Mathematical simulations suggest that Luke Skywalker’s home in “Star Wars” is the desert planet Tatooine, with twin sunsets because it orbits two stars, may be more common that we thought.
Until now, we have identified only uninhabitable gas-giant planets circling binary stars – scientists thought rocky planets could not form there.
But the study, by Ben Bromley of the University of Utah and Scott Kenyon of the Smithsonian Astrophysical Observatory, titled “Planet formation around binary stars: Tatooine made easy”, now shows that it is possible.
“Tatooine sunsets may be common after all,” the scientists conclude.
“Our main result is that outside a small region near a binary star, [either rocky or gas-giant] planet formation can proceed in much the same was as around a single star,” they write. “In our scenario, planets are as prevalent around binaries as around single stars.”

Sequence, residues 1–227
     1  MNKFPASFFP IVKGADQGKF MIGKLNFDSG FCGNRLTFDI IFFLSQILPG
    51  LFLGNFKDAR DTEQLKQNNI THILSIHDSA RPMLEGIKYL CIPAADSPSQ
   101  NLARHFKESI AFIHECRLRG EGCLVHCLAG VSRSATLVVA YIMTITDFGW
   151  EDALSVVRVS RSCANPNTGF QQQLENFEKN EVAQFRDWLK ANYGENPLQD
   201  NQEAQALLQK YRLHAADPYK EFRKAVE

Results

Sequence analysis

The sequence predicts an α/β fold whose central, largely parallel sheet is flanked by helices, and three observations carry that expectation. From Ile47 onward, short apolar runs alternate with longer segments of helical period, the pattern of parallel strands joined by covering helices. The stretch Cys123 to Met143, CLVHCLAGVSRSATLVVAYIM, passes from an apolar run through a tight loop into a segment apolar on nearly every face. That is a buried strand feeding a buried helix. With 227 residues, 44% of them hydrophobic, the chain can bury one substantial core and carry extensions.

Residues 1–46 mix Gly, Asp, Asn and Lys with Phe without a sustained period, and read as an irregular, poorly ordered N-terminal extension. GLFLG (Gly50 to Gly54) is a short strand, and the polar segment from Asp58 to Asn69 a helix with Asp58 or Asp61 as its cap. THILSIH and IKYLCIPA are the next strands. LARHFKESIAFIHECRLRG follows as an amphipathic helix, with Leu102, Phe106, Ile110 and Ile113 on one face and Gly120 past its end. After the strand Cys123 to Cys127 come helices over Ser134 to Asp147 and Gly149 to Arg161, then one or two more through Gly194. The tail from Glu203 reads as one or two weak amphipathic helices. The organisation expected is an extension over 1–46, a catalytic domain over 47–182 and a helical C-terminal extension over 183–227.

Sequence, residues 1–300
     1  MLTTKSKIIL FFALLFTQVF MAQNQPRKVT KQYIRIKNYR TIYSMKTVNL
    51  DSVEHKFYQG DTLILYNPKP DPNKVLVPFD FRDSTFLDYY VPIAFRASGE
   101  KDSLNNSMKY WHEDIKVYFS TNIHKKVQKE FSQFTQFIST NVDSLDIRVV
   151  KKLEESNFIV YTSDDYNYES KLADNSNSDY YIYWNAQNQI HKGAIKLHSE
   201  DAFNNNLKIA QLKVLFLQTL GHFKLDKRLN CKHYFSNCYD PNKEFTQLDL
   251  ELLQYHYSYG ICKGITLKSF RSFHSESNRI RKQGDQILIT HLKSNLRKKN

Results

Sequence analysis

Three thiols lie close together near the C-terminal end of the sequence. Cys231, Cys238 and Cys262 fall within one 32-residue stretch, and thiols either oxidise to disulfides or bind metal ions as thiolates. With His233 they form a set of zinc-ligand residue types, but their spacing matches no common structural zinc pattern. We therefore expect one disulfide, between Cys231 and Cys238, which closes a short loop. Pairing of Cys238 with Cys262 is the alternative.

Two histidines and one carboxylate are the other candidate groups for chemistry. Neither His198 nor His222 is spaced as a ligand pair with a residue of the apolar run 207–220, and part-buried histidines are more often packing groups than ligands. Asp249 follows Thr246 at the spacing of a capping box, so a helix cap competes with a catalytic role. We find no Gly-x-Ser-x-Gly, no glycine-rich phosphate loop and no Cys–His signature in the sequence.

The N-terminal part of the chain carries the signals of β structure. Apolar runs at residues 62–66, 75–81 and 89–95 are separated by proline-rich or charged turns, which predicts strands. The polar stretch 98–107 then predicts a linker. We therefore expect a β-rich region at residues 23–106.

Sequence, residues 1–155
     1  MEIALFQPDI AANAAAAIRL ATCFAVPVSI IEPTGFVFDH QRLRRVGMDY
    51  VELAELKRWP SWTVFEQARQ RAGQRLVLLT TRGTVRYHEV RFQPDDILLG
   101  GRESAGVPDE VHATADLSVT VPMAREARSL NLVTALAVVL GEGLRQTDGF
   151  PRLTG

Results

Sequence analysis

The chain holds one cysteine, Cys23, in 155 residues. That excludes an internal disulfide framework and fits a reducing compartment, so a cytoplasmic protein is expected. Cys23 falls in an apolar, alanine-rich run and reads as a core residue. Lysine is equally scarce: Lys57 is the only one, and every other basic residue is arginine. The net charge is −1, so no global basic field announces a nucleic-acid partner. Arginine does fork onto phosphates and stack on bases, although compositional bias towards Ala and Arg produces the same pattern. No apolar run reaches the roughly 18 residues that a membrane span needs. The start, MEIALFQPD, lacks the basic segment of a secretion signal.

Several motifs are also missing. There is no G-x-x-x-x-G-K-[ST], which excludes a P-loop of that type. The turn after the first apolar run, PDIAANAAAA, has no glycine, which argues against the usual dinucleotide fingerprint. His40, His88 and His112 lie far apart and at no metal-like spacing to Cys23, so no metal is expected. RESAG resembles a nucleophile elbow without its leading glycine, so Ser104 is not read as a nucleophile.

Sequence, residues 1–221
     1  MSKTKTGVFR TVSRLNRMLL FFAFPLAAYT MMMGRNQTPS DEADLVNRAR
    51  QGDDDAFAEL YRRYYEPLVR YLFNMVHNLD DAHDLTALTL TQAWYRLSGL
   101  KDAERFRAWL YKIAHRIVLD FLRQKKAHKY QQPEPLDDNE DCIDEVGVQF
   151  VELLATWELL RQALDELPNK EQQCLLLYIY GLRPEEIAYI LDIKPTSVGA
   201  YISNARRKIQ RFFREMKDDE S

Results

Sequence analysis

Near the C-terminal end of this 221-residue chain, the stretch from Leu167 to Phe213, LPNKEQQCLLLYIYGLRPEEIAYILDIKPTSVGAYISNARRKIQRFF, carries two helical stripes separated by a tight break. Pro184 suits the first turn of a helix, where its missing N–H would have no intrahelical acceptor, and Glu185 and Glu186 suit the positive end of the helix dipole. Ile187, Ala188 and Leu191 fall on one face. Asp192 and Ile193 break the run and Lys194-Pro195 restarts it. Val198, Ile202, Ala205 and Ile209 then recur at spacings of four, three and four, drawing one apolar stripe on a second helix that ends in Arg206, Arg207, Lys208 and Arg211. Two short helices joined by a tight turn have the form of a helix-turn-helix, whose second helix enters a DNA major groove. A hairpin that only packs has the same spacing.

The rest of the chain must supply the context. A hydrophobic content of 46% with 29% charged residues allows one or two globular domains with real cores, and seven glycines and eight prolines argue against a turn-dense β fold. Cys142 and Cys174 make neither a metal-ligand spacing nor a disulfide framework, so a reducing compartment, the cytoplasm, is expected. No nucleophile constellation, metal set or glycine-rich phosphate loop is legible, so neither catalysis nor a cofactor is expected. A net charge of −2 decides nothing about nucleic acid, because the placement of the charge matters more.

Their mathematical formulae describe how binary stars can be orbited by planetesimals – asteroid-sized rocks that clump together to form planets.
“We took our sweet numerical time to show that the ride around a pair of stars can be just as smooth as around one,” when it comes to the early steps of planet formation, Bromley says. “The ‘made easy’ part is really saying the same recipe that works around the sun will work around Tatooine’s host stars.”
Bill Condie is a science journalist based in Adelaide, Australia.
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